“I take full responsibility for everything that took place on my watch,” Johnson told parliament on Wednesday.
The report by senior official Sue Gray did not specifically blame Johnson, but gave graphic details and included photographs from more than a dozen gatherings, some of which he attended.
Johnson was among those fined over a party to celebrate his 56th birthday on June 19, 2020, though Gray said he was unaware of the gathering in advance.
“Many of these events should not have been allowed to happen,” the report said.
“The senior leadership at the centre, both political and official, must bear responsibility for this culture.”
Johnson, who commissioned the report after revelations of boozy Downing Street events while social mixing was all but banned under stringent laws his government had made to curb the virus, said he was appalled by some of the behaviour it had uncovered.
“I … am humbled and I have learned a lesson,” he told parliament to jeers from the opposition benches.
Gray’s interim findings were published in January, but most details were withheld until the end of a separate police inquiry, which concluded last week with 126 fines handed out.
Her full reports included emails and WhatsApp messages which showed many of the gatherings were planned in advance, with discussions on who would bring alcohol.
At one June 2020 event, Gray said there was “excessive alcohol consumption” that led to one person being sick and a fight between two others.
At another, held the night before the funeral for Prince Philip in April 2021, individuals partied into the early hours and damaged a swing.
“Many will be dismayed that behaviour of this kind took place on this scale at the heart of government,” her report said.
“The public have a right to expect the very highest standards of behaviour in such places and clearly what happened fell well short of this.”
China pushes for more Pacific security deals
China is seeking security arrangements with island nations across the Pacific that resemble the controversial pact struck with Solomon Islands, a move that triggered concern in Australia and its allies including the United States.
The details of the proposed arrangements are contained in pre-written joint communiques that Beijing officials plan to release after meetings with island nations on Monday, documents obtained by AAP show.
The pre-determined outcome of those meetings adds an assertive new layer to China’s expansion into the Pacific, a region that has been largely uncontested since the Allied victory in World War II.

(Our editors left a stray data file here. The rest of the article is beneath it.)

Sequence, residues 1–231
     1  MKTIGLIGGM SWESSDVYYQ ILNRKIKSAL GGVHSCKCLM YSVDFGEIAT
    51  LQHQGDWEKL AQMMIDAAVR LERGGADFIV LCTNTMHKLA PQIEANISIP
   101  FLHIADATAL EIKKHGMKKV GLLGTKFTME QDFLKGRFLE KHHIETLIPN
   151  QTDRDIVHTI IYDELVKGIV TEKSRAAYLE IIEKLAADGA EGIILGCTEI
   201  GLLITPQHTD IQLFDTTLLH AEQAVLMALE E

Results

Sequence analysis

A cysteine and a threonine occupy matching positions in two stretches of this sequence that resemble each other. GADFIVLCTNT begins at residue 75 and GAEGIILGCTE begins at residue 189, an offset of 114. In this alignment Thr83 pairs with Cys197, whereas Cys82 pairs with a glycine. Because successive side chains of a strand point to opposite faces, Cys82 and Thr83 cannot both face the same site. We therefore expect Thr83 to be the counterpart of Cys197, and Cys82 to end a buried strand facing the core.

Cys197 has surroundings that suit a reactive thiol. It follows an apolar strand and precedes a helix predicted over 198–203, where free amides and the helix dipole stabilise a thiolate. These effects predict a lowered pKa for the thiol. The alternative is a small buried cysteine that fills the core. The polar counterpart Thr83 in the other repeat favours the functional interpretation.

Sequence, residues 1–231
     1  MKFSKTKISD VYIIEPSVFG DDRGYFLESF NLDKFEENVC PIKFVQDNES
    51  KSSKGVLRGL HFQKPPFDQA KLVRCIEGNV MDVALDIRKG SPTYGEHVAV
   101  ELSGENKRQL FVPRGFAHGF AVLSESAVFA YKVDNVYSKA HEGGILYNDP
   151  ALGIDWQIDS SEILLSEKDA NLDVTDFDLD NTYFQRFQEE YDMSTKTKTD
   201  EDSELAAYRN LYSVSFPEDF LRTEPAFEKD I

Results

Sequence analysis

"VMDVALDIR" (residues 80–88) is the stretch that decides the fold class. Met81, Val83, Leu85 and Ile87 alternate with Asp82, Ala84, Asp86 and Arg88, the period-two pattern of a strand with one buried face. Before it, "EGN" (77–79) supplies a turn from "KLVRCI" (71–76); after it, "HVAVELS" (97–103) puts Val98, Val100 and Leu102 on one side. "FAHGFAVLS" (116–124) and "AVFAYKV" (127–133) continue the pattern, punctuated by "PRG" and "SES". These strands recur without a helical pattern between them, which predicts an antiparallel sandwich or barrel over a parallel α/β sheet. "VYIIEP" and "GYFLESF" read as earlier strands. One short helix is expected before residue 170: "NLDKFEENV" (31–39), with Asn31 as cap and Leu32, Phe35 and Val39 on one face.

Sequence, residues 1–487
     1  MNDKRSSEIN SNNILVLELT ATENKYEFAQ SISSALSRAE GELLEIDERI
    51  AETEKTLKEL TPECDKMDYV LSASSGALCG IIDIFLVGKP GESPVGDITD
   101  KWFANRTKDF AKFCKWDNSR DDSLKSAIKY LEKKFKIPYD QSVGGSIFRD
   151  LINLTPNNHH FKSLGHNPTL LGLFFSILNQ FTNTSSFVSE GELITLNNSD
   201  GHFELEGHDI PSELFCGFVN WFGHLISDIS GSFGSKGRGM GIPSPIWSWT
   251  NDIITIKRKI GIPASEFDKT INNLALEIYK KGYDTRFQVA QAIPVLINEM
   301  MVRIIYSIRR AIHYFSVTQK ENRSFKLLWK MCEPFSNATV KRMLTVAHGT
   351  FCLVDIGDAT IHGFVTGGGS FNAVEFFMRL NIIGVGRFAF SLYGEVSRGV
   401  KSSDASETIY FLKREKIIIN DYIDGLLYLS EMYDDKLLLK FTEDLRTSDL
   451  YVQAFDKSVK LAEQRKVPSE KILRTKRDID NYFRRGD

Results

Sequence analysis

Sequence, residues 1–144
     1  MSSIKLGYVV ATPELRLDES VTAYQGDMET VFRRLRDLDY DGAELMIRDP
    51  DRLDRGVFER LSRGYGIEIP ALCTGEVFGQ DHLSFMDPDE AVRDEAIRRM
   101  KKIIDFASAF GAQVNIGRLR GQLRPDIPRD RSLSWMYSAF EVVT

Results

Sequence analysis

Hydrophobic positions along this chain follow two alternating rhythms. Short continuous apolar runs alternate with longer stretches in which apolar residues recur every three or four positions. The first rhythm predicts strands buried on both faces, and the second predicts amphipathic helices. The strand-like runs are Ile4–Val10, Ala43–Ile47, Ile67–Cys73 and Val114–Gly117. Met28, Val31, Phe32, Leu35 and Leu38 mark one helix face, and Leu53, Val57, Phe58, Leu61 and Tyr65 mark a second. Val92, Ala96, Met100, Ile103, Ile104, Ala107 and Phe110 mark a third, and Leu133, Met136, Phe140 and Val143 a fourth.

The president of the Federated States of Micronesia, David Panuelo, urged caution in a letter to Pacific leaders. He said that the documents’ contents represented the “single-most game-changing proposed agreement in the Pacific in any of our lifetimes”.
Chinese government representatives in Australia were contacted for comment.
The communiques, obtained by AAP, are separated into two documents.
One is concerned with the outcome of the meeting between Chinese officials and the foreign ministers of 10 Pacific nations invited to talks scheduled for May 30. The second details the five-year process to implement the supposed agreed-upon plan.
Notably, the communiques state there is agreement to strengthen cooperation between China and Pacific nations on “traditional and non-traditional security” to promote regional stability.
“China will hold intermediate and high-level police training for Pacific Island Countries through bilateral and multilateral means,” the document said.
China’s description of the security arrangements resembles how Beijing officials described the pact with Solomon Islands, which they said was based on maintaining social order and safeguarding national security.
That security pact featured heavily in the early stages of the recent Australian election campaign amid allegations the Morrison-led government mishandled Pacific diplomacy.
It is understood that 10 island nations with whom China has diplomatic relations are invited to attend the China-Pacific Island Countries Foreign Ministers’ Meeting on May 30, the second in a new series of annual meetings.
They include Fiji, Solomons, Papua New Guinea, the Federated States of Micronesia, Samoa, Tonga, Kiribati, Vanuatu, Cook Islands and Niue. The meeting is to be held by videolink.
– With AAP and Reuters